Loads of folks will tell you that you must blind-bake or pre-bake your pie crust so it stays crispy when filling it with pumpkin puree. Feel free to do that if you wish, but I never do, and as you can see from the picture of the crispy, golden, flaky bottom crust above, I get great results.

My trick is to place a rack on the lowest part of the oven. Then I put a sheet pan on the rack and place a cast iron pan in it, bottom side up. (If your cast iron pan does not lay flat, just bake the pie in the pan.) I preheat for an hour. The bottom heating element supercharges the cast iron pan, which holds on to heat like you did your first hundred-dollar bill. Then I bake the pie on top of the over-turned cast iron. That heat focuses on the bottom of the pie, creating the crispiest of crusts. In addition, the sheet pan will collect any run-off juices so the oven doesn’t start to smoke.

Keep A Pumpkin Pie From Burning

The most important step you can take is to use an oven thermometer. Most ovens (I don’t care how fancy they are) aren’t calibrated. A cheap $5 oven thermometer will tell you exactly what temperature it is. If you notice that the crust or the top of the pie is browning early on, tent it with aluminum to prevent it from burning. Tenting is when you loosely place a sheet of aluminum that’s folded in half over the pie like a tent.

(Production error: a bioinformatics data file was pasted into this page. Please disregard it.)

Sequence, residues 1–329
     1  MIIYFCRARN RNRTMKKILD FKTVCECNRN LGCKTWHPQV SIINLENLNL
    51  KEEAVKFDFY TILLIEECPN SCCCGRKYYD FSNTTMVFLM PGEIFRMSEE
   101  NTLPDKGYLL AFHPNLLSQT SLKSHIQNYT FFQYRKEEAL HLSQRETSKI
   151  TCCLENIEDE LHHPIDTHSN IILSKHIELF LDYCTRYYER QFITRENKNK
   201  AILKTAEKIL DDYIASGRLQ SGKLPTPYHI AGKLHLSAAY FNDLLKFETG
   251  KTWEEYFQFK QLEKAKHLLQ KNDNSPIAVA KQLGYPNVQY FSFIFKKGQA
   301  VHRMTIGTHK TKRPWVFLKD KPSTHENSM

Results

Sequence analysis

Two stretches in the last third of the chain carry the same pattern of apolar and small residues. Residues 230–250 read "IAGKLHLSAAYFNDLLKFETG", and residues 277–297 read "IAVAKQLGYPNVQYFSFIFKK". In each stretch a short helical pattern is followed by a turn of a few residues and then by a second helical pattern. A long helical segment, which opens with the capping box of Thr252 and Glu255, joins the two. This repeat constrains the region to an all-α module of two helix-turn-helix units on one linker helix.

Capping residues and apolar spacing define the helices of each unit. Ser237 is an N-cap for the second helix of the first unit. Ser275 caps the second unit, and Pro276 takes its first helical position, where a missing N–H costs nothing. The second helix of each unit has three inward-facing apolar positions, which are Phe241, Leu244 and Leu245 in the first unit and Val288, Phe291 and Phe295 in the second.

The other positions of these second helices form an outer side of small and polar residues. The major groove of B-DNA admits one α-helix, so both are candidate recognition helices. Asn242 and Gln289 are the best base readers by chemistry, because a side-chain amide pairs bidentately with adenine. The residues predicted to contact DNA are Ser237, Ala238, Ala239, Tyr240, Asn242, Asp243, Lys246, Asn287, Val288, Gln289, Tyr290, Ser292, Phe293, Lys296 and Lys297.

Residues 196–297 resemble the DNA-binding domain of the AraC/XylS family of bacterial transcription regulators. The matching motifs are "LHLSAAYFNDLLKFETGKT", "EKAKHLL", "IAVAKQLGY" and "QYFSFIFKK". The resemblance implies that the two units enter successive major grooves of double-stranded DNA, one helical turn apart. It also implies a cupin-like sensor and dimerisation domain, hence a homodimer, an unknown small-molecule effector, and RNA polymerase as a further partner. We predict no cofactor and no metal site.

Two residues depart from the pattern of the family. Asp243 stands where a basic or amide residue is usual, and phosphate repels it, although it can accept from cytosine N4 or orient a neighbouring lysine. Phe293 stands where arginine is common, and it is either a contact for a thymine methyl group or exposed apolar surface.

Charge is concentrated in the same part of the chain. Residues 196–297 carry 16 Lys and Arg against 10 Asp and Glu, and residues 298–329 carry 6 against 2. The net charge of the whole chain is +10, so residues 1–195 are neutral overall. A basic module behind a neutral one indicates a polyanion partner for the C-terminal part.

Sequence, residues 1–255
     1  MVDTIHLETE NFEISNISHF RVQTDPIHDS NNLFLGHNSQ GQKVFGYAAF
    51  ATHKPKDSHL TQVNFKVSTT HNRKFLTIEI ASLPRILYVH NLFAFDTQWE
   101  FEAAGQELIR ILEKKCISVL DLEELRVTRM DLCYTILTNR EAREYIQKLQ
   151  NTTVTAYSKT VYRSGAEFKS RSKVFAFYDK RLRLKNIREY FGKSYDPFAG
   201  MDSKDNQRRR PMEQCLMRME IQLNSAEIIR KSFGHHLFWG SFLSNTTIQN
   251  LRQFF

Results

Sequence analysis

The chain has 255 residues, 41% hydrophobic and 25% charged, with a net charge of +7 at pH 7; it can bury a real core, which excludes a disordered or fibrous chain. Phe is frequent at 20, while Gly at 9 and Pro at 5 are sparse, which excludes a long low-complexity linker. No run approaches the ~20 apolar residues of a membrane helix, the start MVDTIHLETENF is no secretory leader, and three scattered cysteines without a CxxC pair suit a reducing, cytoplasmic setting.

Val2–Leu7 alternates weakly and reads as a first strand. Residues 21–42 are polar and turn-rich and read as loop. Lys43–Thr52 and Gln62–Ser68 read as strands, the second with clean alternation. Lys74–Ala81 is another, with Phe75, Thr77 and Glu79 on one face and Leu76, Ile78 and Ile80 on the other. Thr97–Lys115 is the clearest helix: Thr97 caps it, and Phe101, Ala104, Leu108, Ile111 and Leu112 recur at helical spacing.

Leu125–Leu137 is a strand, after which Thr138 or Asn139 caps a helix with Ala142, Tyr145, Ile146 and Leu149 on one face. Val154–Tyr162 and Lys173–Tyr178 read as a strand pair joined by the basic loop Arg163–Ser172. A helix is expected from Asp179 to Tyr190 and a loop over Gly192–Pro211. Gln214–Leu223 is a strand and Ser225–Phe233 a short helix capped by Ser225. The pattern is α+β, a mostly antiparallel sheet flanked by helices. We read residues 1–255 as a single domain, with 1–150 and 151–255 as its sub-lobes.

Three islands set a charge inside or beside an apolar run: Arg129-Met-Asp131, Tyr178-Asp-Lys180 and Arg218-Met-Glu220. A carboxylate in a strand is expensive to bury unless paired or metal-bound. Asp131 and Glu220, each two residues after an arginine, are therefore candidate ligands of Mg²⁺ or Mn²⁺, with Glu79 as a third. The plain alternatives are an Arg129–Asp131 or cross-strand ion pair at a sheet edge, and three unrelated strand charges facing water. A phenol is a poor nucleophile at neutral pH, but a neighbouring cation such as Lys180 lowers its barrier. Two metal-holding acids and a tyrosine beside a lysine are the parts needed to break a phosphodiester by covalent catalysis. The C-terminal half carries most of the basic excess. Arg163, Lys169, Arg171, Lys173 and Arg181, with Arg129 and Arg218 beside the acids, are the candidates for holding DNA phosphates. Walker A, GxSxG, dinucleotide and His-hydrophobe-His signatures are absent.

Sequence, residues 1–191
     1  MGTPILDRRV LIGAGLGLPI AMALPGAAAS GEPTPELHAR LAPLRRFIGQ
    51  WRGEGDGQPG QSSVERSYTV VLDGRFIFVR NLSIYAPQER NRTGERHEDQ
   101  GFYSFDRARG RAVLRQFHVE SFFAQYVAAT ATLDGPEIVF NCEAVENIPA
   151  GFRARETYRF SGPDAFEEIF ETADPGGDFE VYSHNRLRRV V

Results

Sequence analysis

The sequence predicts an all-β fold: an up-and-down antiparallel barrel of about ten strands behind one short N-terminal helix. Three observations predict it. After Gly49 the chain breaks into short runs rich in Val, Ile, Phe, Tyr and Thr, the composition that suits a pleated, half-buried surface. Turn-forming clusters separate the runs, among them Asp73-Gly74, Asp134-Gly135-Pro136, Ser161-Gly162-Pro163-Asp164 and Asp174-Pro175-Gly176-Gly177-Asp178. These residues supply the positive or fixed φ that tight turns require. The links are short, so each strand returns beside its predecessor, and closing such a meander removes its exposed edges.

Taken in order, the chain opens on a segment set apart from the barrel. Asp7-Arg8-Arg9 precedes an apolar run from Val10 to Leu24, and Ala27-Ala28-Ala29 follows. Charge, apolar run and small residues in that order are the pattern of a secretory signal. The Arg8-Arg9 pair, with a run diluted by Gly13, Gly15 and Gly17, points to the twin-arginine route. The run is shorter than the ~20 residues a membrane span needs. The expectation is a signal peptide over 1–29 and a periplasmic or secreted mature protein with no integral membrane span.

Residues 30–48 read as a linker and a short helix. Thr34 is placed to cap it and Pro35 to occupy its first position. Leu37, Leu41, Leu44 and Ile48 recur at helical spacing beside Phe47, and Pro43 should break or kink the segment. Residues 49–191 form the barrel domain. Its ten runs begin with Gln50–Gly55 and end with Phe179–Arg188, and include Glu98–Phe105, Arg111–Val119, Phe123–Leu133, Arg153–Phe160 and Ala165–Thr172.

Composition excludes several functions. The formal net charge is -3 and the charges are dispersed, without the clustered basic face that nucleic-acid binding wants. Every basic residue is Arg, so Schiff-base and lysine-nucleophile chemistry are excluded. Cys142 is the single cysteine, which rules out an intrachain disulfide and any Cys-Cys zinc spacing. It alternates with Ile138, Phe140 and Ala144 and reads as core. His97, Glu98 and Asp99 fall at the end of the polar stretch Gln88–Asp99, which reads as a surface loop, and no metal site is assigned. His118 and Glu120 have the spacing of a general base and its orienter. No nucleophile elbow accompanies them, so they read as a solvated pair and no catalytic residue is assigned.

Overhead shot of a pumpkin pie.

Keep Pumpkin Pie From Cracking

You need to eliminate sudden temperature changes to prevent your pie from cracking. Leave the oven door closed as much as possible. Opening an oven door even for 15 seconds can change the temperature in your oven by up to 50°.

You also want to pull your pie out of the oven before it looks done. The magic of carry-over cooking will take it to the finish line. Just because the pie isn’t in direct heat doesn’t mean it stops cooking. That heat takes time to dissipate; while it dissipates, it keeps cooking your pie.

Pull the pie when the crust looks golden, and the outer ring of the pie has dulled and looks solid. The middle should still be jiggly. Not wet, but it should move like jello. Allow the pie to cool in a warm place so there’s no sudden temperature change. If your kitchen runs cold, turn the oven off and crack your oven door about 6 inches. Let the pie cool in the oven.

What To Do If Your Pumpkin Pie Cracks

Sometimes, no matter how hard you try, the pie gods deliver a cracked pumpkin pie. You have three choices at this point. First, you can use leftover pie dough and bake a few ornamental leaves to top the pie with. You can also top it with a few dollops of whipped cream. Or you can leave it as is. like we did. If someone dares to complain about a crack in homemade pumpkin pie, they don’t get a slice. 😉

Here’s an easy recipe for pie crust cookies: 

  • Preheat your oven to 350° and line a sheet pan with parchment paper or a silicone mat.
  • Dust your work surface lightly with flour and roll out the leftover pie dough (or the store-bought pie dough) to about 1/4-inch thickness.